Chicago News Legend Joel Daly Dies at 86

By Stephanie Tsoflias Siegel Comment

Longtime Chicago newsman Joel Daly, who influenced a generation of news anchors over the course of his nearly 40 years at WLS, died Thursday morning. He was 86 years old.

“He died peacefully,” his daughter Kelly told the Chicago Tribune. “This is the way I believe he wanted his life to end, and he was able to see his beloved dog.”

Daly, born in Montana on Aug. 21, 1934, is a journalism legend. After graduating from Yale in 1956 and beginning a radio and television career in Cleveland, he arrived in the Windy City in 1967, where he found his place at the ABC station alongside co-anchor Fahey Flynn, Bill Frink and weather anchor John Coleman.

Daly and Flynn became a pioneering duo, and their on-air conversation and banter, known as “happy talk,” is now commonplace on broadcast television around the country.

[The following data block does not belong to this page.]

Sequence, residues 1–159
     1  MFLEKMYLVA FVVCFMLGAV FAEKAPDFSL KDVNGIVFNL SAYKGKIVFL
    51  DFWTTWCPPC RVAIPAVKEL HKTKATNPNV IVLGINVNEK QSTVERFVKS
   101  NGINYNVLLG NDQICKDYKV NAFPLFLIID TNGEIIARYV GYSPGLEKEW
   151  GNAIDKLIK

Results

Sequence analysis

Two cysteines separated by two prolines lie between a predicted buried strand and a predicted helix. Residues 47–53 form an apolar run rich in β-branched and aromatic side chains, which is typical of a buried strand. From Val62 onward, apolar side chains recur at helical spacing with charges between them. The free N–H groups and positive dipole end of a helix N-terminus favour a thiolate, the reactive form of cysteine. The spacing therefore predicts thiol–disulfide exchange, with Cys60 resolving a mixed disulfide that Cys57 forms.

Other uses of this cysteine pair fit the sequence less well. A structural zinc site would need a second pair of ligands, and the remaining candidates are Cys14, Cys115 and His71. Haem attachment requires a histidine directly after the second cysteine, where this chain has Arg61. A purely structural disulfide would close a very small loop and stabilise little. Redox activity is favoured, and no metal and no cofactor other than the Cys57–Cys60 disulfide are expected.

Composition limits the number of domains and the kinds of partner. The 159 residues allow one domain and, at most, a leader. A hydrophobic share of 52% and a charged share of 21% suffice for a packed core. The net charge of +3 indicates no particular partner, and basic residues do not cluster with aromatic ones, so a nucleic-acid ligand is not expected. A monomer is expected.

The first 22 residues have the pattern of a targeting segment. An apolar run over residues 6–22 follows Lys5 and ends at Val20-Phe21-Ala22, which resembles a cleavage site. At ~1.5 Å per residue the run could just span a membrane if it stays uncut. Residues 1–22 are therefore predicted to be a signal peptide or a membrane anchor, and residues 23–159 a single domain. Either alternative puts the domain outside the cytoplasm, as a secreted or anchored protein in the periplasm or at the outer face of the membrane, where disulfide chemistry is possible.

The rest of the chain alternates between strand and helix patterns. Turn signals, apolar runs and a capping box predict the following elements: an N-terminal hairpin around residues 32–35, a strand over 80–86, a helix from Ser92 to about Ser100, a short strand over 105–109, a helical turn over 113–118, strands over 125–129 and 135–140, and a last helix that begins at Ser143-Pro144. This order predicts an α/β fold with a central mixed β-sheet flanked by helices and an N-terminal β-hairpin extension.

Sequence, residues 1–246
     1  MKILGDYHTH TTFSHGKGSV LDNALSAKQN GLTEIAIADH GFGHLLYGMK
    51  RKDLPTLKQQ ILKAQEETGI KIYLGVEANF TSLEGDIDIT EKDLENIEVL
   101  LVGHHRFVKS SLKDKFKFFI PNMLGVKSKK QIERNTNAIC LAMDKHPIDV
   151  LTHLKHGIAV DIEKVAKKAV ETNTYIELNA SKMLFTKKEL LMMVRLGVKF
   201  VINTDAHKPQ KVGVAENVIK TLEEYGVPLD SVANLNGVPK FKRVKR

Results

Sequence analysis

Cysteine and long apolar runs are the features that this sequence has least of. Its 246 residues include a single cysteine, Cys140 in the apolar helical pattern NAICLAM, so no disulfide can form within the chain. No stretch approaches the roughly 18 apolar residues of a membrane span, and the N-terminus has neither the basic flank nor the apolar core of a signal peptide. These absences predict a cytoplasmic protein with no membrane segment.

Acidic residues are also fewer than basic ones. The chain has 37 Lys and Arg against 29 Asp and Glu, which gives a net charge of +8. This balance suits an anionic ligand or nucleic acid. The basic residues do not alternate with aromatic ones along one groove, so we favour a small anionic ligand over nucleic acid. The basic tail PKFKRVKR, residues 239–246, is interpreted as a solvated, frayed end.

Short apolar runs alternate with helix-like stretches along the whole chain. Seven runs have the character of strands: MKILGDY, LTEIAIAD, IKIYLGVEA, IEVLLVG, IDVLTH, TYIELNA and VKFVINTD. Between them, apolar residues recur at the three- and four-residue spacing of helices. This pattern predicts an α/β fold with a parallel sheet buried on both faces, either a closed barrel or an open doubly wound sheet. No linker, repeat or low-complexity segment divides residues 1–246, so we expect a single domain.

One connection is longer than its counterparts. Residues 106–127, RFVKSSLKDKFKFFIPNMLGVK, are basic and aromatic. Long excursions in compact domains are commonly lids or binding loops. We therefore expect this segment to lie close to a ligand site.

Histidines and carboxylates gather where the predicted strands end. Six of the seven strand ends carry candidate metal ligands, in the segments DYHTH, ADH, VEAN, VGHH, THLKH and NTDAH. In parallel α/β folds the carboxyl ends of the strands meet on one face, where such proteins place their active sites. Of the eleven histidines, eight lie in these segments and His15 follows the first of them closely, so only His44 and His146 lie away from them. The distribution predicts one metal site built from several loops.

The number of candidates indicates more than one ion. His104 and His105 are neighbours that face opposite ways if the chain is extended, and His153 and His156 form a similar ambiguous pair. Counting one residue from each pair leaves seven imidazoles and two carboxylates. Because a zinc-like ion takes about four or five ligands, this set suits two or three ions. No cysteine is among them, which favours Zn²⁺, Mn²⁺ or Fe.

“I guess the breakthrough innovation was we broke down the walls between the news, weather and the sports that I think were traditionally separated by commercials, and then the personalities doing those segments were able to communicate one with the other,” Daly once said in an interview. “So it wasn’t until it developed here in Chicago and infected the country that it became a family kind of thing.”

Daly reported on some of the biggest news events of the decades, covering the civil rights movement and the assassination of civil rights icon Martin Luther King Jr., as well as the trial of Dr. Sam Sheppard. Later in his career at WLS, he anchored alongside Oprah Winfrey and, later, Linda Yu.

“During his nearly 40 years with ABC’s WLS Channel 7, he not only led the station to the top of the ratings, he helped influence a generation to watch TV personalities,” the station said in a statement.

Daly retired from the news business in 2005 and became the information officer for the Federal District Court for the Northern District of Illinois. Last year, he was diagnosed with vascular Parkinsonism, a condition that led to mini-strokes. He was in hospice care in his daughter’s home.

He is survived by his daughter, his sister and two granddaughters.

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